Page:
Morph Wiz ($9.99, app2.me/2869) is a performance app based on Jordan Rudess' experience playing non-keyboard synthesizers. Very cool.
SetList HD (Free, app2.me/2870) is a free iPad app that helps manage live shows by tracking sets, songs, lyrics, song length, and more.
Planet Waves Guitar Tools ($8.99, app2.me/2871) is the "Swiss Army Knife" of apps for guitarists, providing them with a chord finder and display, fretboard guitar simulator, scales, tuner, and metronome. Mobase ($ varies, mobbase.com) is an app development service for performing bands. You provide them with audio clips, videos, tour dates, and other info and they create an app for your band that you can distribute through the App Store.
Etude sheet music on steroids ($4.99, app2.me/2872) lets you download and display sheet music.
This app lets you create music in "loops" or blocks of sound. Start with a drum groove, lay down a bass pattern, add bursts of sound and other elements—all loops are assembled and controlled by you. The loops that make up the track are all playing at the same time, but you can control the relative volume of each of the three sections with the white slider: slide it to the left and the volume of the loops in the left section increases and the right-section loops decrease; slide it to the right and the opposite occurs. The volume of the center section loops remains constant. The blocks' height placement also controls their relative volume with a section. Timbre or other effects are controlled with the green x/y pad (see screen shot).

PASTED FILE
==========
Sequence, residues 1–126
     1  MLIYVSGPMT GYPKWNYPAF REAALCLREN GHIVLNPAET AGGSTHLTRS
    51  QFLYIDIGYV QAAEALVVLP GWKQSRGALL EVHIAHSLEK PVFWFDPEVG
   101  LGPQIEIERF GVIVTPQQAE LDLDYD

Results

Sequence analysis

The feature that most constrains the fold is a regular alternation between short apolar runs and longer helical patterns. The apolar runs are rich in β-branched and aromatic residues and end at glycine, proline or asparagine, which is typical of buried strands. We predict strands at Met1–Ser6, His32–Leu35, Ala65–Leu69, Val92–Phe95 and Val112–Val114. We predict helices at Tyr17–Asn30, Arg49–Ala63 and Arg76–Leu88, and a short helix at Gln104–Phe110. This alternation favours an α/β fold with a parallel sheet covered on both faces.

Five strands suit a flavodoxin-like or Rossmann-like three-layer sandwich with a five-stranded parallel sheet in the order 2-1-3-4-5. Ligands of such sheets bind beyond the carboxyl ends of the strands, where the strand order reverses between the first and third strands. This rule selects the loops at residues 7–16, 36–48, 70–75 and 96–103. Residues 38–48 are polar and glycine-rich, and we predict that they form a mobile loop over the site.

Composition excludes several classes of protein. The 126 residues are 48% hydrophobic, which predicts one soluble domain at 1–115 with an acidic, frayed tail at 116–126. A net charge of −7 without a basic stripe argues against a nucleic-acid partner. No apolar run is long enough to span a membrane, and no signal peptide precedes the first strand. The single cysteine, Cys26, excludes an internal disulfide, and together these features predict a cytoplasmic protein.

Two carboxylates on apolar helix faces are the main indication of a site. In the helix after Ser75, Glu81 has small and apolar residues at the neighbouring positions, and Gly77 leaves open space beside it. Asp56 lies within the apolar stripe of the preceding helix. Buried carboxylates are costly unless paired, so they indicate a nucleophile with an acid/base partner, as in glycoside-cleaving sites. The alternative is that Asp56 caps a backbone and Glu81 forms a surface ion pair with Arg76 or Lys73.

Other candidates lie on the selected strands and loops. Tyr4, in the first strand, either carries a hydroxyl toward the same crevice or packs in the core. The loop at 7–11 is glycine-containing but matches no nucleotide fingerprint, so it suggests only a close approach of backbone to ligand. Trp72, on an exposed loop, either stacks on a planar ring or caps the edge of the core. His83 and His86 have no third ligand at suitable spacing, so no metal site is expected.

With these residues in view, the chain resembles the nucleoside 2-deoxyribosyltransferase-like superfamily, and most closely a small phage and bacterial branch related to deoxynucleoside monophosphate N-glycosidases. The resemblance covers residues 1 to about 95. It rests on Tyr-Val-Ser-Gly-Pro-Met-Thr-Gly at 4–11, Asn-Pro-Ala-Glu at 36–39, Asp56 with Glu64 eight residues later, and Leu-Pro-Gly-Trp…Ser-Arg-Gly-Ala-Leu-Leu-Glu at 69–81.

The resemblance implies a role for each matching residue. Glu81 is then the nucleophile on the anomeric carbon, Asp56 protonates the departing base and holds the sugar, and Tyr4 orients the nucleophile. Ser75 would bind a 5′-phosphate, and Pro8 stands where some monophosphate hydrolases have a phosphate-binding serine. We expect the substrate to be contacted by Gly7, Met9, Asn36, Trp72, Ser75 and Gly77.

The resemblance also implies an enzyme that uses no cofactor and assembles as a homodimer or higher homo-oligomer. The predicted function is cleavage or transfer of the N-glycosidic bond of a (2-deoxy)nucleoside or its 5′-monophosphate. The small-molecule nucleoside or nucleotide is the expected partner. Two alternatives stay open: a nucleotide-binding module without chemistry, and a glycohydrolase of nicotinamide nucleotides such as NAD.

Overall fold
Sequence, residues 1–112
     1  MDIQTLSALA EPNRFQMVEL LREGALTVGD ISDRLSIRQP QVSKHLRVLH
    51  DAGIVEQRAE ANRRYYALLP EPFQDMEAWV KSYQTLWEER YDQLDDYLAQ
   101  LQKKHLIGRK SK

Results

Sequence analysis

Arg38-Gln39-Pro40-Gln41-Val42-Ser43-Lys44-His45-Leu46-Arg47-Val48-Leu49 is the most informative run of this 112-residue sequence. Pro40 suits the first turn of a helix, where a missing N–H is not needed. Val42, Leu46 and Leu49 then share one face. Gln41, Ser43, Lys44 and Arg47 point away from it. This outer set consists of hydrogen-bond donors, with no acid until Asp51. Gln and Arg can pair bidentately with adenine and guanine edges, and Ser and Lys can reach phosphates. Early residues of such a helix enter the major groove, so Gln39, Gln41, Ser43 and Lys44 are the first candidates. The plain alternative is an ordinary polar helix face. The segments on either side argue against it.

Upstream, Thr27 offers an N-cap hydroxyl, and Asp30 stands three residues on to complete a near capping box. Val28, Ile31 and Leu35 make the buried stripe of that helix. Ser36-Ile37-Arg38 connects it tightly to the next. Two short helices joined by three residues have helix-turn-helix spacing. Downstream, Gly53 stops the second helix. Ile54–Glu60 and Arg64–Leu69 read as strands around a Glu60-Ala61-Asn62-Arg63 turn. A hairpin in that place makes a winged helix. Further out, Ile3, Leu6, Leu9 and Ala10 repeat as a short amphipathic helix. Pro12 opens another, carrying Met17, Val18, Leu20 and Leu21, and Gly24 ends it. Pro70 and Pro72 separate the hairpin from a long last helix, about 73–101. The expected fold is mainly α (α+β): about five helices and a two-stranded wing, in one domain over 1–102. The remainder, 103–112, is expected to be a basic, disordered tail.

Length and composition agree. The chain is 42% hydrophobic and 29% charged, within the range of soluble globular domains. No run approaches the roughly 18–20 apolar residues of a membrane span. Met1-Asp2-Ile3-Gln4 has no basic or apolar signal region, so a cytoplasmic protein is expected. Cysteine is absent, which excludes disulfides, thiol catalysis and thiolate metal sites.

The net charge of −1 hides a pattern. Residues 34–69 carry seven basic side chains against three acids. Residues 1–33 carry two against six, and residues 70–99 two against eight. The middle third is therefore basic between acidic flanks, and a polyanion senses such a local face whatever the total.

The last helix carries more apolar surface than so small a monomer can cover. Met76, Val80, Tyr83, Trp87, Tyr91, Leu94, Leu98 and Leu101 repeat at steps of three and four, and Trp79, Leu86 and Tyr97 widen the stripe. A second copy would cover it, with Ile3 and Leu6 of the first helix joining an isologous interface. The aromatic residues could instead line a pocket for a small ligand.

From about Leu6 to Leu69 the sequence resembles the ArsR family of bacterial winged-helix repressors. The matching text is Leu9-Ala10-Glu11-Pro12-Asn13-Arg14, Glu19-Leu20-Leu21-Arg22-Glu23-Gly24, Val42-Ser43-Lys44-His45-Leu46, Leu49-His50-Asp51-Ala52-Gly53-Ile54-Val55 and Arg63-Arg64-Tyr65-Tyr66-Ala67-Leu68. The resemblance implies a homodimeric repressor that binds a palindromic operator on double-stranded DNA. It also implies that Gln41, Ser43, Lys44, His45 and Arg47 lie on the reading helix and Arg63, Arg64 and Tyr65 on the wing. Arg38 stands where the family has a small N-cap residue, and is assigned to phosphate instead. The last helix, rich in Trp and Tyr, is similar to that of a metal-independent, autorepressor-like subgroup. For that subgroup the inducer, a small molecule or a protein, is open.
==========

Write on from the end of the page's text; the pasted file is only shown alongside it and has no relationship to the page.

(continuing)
The app comes with a good selection of prepared loop sets, but you can buy more through an in-app store. You can also make your own loops by creating them in another app and importing them, or by recording them directly into Looptastic (accessory needed; see next section).